• H03M13/05Error detection or forward error correction by redundancy in data representation, i.e. code words containing more digits than the source words using block codes, i.e. a predetermined number of check bits joined to a predetermined number of information bits
    • H03M13/11Error detection or forward error correction by redundancy in data representation, i.e. code words containing more digits than the source words using block codes, i.e. a predetermined number of check bits joined to a predetermined number of information bits using multiple parity bits
    • H03M13/1102Codes on graphs and decoding on graphs, e.g. low-density parity check [LDPC] codes
    • H03M13/1105Decoding
    • HELECTRICITY
    • H03BASIC ELECTRONIC CIRCUITRY
    • H03MCODING; DECODING; CODE CONVERSION IN GENERAL
    • H03M13/00Coding, decoding or code conversion, for error detection or error correction; Coding theory basic assumptions; Coding bounds; Error probability evaluation methods; Channel models; Simulation or testing of codes
    • H03M13/03Error detection or forward error correction by redundancy in data representation, i.e. code words containing more digits than the source words
    • H03M13/05Error detection or forward error correction by redundancy in data representation, i.e. code words containing more digits than the source words using block codes, i.e. a predetermined number of check bits joined to a predetermined number of information bits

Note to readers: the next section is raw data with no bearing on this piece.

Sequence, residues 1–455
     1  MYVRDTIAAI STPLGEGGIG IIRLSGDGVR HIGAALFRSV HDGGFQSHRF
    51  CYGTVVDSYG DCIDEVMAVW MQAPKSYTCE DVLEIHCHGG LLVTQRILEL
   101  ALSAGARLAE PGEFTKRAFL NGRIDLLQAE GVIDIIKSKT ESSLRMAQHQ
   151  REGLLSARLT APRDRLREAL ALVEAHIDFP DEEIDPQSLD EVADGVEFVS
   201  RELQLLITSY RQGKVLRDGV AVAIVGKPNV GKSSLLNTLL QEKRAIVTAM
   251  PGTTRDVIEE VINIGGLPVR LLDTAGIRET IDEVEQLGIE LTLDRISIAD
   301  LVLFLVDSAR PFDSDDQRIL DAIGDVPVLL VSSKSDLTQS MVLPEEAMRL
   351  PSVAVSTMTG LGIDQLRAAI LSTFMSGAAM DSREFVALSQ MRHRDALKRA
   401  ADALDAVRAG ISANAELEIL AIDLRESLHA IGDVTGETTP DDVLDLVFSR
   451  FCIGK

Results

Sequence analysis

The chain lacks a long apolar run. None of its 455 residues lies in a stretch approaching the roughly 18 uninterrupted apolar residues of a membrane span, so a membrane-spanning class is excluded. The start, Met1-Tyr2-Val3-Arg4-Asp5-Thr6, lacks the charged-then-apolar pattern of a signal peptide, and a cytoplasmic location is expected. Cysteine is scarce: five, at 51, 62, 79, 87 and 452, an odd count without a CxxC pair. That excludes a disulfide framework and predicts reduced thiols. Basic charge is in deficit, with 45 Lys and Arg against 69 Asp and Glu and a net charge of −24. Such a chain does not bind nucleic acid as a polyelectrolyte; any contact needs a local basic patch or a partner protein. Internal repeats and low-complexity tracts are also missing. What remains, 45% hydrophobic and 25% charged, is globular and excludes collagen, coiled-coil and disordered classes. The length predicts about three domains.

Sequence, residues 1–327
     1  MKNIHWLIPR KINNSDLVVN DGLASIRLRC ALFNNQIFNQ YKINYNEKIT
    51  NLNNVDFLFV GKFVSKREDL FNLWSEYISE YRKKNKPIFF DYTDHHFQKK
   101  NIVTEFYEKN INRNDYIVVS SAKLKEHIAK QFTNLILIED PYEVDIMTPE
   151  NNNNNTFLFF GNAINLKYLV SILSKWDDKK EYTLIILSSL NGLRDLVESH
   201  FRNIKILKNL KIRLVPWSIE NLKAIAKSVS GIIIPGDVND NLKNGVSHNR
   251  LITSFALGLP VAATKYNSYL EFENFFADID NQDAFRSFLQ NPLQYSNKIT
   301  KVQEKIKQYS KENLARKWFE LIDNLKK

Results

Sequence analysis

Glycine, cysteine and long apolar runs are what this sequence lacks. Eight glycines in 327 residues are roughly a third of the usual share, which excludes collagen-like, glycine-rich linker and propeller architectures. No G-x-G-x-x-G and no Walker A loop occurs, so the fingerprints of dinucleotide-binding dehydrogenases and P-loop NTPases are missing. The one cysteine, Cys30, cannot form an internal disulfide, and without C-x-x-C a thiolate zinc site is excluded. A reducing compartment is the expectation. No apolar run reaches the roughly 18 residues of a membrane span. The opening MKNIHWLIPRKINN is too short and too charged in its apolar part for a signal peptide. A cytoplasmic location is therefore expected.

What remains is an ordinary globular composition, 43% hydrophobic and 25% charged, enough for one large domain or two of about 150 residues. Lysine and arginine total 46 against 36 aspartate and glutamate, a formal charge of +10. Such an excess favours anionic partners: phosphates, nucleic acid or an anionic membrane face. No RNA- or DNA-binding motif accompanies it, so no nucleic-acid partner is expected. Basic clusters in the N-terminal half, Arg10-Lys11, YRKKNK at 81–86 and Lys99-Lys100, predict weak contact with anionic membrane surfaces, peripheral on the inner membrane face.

• H03M13/11Error detection or forward error correction by redundancy in data representation, i.e. code words containing more digits than the source words using block codes, i.e. a predetermined number of check bits joined to a predetermined number of information bits using multiple parity bits
    • H03M13/1102Codes on graphs and decoding on graphs, e.g. low-density parity check [LDPC] codes
    • H03M13/1105Decoding
    • H03M13/1142Decoding using trapping sets
    • HELECTRICITY
    • H03BASIC ELECTRONIC CIRCUITRY
    • H03MCODING; DECODING; CODE CONVERSION IN GENERAL
    • H03M13/00Coding, decoding or code conversion, for error detection or error correction; Coding theory basic assumptions; Coding bounds; Error probability evaluation methods; Channel models; Simulation or testing of codes